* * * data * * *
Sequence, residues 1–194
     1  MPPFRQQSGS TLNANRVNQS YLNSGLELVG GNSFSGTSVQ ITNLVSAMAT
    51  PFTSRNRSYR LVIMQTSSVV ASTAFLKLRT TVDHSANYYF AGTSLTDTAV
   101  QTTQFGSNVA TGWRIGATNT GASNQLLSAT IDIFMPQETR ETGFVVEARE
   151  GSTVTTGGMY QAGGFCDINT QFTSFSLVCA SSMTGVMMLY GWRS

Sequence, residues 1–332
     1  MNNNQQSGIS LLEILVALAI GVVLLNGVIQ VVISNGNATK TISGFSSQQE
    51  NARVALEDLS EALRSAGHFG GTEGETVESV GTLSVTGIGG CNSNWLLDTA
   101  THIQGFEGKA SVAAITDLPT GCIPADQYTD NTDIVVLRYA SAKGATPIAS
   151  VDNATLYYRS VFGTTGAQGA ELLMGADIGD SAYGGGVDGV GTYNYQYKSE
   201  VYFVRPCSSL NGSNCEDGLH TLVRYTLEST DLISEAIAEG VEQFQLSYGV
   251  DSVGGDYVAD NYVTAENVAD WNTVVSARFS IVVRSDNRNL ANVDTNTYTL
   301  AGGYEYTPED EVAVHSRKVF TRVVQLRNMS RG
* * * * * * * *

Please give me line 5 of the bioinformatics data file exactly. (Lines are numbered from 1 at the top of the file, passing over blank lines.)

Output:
   151  GSTVTTGGMY QAGGFCDINT QFTSFSLVCA SSMTGVMMLY GWRS